Betts, 23, hit 18 home runs in his first full season last year. With a three-homer night against the Orioles on Tuesday, he’s already up to 12 in 2016 with four months of season left. The first was of the solo variety, a line drive to center field off of Kevin Gausman in the first inning. Betts followed up in the third with a liner to left field for a three-run dinger off of Gausman. He made it three in the seventh, drilling a Dylan Bundy offering to right field.

Here’s video of homer number two:

Betts finished 3-for-5 as the Red Sox won 6-2 at Camden Yards.

The stats show the Pirates as an outlier in throwing “headhunter” pitches

ST. LOUIS, MO - SEPTEMBER 5: Reliever Arquimedes Caminero #37 of the Pittsburgh Pirates pitches against the St. Louis Cardinals in the seventh inning at Busch Stadium on September 5, 2015 in St. Louis, Missouri.  (Photo by Dilip Vishwanat/Getty Images)
Dilip Vishwanat/Getty Images
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Last week at ESPN Sweetspot’s Inside the Zona, Ryan Morrison looked into the data and found that the Pirates stand out among the rest when it comes to throwing “headhunter” pitches. Those are defined as fastballs 3.2 feet or higher and 1.2 feet towards the batter from the center of the plate.

The research was prompted because Diamondbacks second baseman Jean Segura was hit in the helmet by Pirates reliever Arquimedes Caminero last Tuesday in the seventh inning. The next inning, Caminero hit shortstop Nick Ahmed in the jaw with a pitch and was instantly ejected.

Morrison illustrated the data in a nice chart, which you should check out. The Pirates have thrown 93 of those pitches, which is way more than any other team. The next closest team is the Reds at 68 pitches. The major league average is approximately 48 pitches.

The Pirates have had an organizational philosophy of pitching inside since at least 2013, as MLB.com’s Tom Singer quoted manager Clint Hurdle as saying, “We’re not trying to hurt people, just staying in with conviction.”

Morrison goes on to suggest that the Diamondbacks should have forfeited last Wednesday and Thursday’s games against the Pirates in protest, out of concern for their players’ safety. As it happened, the D-Backs lost both games anyway, suffering a series sweep. The two clubs don’t meet again this season.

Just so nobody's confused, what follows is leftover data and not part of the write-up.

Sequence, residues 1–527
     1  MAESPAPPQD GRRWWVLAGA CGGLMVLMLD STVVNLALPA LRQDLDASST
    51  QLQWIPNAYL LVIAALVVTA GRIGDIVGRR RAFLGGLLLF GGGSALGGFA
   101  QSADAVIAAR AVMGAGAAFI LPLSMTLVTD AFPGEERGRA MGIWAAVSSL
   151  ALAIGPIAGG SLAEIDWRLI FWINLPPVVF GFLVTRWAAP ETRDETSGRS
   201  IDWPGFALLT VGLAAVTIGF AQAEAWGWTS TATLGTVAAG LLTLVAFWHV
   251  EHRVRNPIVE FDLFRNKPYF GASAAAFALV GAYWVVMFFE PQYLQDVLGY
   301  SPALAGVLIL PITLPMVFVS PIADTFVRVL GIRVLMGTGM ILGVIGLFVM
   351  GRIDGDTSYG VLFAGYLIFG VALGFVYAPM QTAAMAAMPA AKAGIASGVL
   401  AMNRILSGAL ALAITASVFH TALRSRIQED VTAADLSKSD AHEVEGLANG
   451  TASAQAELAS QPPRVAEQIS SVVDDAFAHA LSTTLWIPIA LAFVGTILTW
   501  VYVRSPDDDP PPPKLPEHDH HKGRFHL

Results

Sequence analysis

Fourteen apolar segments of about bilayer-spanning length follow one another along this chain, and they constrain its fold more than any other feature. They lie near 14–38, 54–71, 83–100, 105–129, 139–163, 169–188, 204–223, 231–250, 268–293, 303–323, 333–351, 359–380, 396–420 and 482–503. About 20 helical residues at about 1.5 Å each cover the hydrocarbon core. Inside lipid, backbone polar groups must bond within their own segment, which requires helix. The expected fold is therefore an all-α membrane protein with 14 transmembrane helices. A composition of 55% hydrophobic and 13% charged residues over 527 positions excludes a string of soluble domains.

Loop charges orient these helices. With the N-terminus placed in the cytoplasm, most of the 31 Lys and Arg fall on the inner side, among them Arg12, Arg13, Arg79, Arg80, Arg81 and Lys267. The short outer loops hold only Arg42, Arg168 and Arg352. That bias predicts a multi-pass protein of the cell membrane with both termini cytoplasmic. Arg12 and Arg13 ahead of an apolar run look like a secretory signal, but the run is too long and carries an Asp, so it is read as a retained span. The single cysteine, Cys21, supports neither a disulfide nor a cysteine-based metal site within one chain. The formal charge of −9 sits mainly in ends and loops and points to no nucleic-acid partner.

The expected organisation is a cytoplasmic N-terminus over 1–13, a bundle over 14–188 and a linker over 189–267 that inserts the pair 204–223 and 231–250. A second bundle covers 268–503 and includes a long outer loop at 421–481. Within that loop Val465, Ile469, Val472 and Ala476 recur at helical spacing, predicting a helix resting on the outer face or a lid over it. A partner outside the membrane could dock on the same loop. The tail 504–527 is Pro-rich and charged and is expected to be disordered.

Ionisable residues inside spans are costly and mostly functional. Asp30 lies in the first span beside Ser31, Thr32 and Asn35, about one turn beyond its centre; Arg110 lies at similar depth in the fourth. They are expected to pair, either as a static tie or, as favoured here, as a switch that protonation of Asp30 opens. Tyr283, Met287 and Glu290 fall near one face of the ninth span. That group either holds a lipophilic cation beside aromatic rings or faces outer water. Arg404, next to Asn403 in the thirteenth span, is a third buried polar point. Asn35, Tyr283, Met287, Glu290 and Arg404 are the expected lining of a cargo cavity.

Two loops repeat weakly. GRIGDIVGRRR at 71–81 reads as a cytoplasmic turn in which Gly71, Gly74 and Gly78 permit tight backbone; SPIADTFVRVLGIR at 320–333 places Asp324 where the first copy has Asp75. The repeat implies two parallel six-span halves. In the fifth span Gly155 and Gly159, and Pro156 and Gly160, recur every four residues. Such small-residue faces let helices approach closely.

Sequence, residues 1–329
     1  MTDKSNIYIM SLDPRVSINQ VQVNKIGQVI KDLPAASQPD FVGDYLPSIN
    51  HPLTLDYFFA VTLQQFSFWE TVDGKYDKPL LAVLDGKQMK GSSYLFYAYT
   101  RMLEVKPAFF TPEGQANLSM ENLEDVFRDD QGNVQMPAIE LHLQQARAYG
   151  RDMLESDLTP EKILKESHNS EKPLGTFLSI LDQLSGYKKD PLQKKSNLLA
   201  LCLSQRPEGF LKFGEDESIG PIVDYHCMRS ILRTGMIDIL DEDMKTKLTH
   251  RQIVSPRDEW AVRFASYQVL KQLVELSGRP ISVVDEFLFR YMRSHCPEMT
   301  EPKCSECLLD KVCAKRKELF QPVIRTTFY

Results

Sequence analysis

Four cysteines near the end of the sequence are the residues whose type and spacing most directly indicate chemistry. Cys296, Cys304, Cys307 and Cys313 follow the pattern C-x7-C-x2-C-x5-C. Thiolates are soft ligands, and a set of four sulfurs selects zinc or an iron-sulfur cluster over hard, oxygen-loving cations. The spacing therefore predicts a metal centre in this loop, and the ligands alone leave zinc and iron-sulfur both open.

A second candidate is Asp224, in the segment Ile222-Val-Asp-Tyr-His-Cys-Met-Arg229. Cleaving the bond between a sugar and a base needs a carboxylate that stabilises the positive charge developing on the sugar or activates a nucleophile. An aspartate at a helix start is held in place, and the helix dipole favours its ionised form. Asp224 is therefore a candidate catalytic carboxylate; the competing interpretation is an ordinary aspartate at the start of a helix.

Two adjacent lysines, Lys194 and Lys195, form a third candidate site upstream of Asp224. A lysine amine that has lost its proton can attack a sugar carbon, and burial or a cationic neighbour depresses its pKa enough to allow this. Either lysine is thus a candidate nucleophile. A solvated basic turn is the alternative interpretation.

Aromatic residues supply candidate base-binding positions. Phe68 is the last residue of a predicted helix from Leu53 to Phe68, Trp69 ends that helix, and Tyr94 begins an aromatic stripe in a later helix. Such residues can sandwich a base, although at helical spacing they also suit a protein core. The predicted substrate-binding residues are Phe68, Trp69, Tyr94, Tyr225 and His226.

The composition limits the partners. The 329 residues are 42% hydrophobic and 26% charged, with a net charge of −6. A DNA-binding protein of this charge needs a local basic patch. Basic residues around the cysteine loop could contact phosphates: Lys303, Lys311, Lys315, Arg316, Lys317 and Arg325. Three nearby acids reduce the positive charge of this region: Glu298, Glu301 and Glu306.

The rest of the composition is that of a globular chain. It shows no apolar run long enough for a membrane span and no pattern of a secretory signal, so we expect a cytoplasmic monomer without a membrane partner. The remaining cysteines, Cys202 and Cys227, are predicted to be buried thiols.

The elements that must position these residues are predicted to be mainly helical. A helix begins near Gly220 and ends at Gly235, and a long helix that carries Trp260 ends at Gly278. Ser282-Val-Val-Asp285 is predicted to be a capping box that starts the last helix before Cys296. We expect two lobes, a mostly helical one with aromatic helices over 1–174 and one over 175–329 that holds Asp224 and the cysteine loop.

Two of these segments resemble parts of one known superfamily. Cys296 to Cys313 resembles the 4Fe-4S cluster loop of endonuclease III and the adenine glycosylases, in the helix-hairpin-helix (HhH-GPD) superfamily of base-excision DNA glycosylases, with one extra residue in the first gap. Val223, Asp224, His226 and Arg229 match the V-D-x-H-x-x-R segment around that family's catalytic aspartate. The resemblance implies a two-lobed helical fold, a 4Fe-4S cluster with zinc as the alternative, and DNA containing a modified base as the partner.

D-Backs manager Chip Hale said after last Tuesday’s game that Caminero “shouldn’t be at this level”. Caminero responded to those comments today, Rob Biertempfel of the Pittsburgh Tribune-Review reports. “I’m actually glad you asked me about that,” Caminero said. “The only thing I’ve got to say about (Hale) is that he is a perfect manager. And he was a perfect player, too. That’s it. I know what I did wasn’t good, but it happens in baseball. I wasn’t trying to hit anyone.”

I realize I’m late on pointing out Morrison’s terrific article and the whole debacle between the two teams, but I felt it was worth highlighting.

Jose Bautista: “I’d be stupid to leave” Toronto

TORONTO, CANADA - MAY 29: Jose Bautista #19 of the Toronto Blue Jayshits a two-run home run in the fifth inning during MLB game action against the Boston Red Sox on May 29, 2016 at Rogers Centre in Toronto, Ontario, Canada. (Photo by Tom Szczerbowski/Getty Images)
Tom Szczerbowski/Getty Images
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Also included in a recent report on Blue Jays outfielder Jose Bautista by Tom Verducci of Sports Illustrated — along with his belief that Rougned Odor was the only bad guy in the May 15 debacle — was the slugger’s desire to remain a Blue Jay. Per Verducci, Bautista said, “I love the city. I’d be stupid to leave” Toronto.

Bautista, 35, is in the final year of a five-year, $65 million extension signed in February 2011. Back in November, the Jays exercised their 2016 club option for $14 million. Bautista isn’t willing to discuss contract details during the season, so the two sides will have to wait until at least October to come to an agreement.

Entering Tuesday’s game against the Yankees, Bautista is hitting .237/.371/.489 with 11 home runs, 37 RBI, and 40 walks, the latter of which leads the American League.